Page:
After living in the US for so long, it's easy to forget how prominent street food is in other cultures. With the exception of the occasional food truck and street fair in DC, it's rare to see open-air food hawkers. Living state-side, I miss the presence of chai-wallahs on the streets of India pouring tin cups of milky sweet tea and the roasted sweet potatoes that instantly warms one up in the bitter Beijing winter. And now, I find myself thinking of Turkish street foods with similar longing.
In Istanbul, I rarely ate a proper meal -- I snacked on street food constantly instead. One of the most ubiquitous is of the meat-between-bread persuasion.On many street corners in Istanbul, there are "Kebap + Ayran -- 4 Lira" signs. Ayran is a surprisingly addictive buttermilk/yogurt drink, and kebap, which literally means "roasted," is the famous kabob. Kebaps come in all shapes and sizes: The meat can be lamb, chicken, or beef. The bread can be french bread, lavash, or pide (pita). And it can be served in a portable format or on a plate and covered with tomato sauce and melted butter as in the case of the Iskender Kebap. Toppings often include fresh vegetables such as cabbage, cucumber, and tomatoes, which are consistently so fresh and flavorful that they provide a wonderful contrast to the juicy meat and soft bread.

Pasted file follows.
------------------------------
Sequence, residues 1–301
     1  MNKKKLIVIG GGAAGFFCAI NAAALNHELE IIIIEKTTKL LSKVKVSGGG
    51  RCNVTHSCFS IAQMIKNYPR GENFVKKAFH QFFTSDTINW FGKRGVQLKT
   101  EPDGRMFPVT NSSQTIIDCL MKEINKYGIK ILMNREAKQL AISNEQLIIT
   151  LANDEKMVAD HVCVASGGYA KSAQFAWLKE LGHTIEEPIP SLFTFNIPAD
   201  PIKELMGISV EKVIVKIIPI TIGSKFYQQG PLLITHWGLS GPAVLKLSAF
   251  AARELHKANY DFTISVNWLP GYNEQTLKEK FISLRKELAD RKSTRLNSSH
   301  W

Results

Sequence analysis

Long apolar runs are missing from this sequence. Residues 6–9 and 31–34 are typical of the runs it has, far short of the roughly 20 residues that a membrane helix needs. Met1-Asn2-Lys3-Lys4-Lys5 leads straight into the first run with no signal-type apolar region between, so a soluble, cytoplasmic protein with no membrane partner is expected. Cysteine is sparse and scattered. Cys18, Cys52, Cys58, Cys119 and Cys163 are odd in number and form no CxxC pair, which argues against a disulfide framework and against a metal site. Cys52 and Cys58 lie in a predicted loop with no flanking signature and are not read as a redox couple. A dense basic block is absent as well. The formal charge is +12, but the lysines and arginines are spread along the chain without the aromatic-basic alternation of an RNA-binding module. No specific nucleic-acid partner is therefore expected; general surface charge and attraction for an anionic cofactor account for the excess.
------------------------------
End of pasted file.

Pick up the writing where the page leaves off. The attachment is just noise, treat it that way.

Aside from kebaps, I also found myself devouring sandwiches with kofte (meatball) and as well as fish. The story is the same -- choose your meat and they'll put it in between some bread along with beautiful vegetables. I never found myself with a bad sandwich. Every tiny road-side stand had tender and flavorful meats, phenomenal vegetables, and fresh, crusty bread. By the end of my trip, encouraged by all these positive sandwich experiences, I got more adventurous and ordered a kokorec, which essentially was a sandwich of heavily spiced offal.
Particularly memorable sandwiches include:
The fish sandwich at Ceneviz in Anadolu Kaveği, which can be reached via the Bosphorous Ferry:
Lamb kebap at Durümcü, which is just north of the Grand Bazaar:
The kofte sandwich at the small chicken and kofte stand in the parking lot by the Golden Horn Ferry entrance at Eminönü.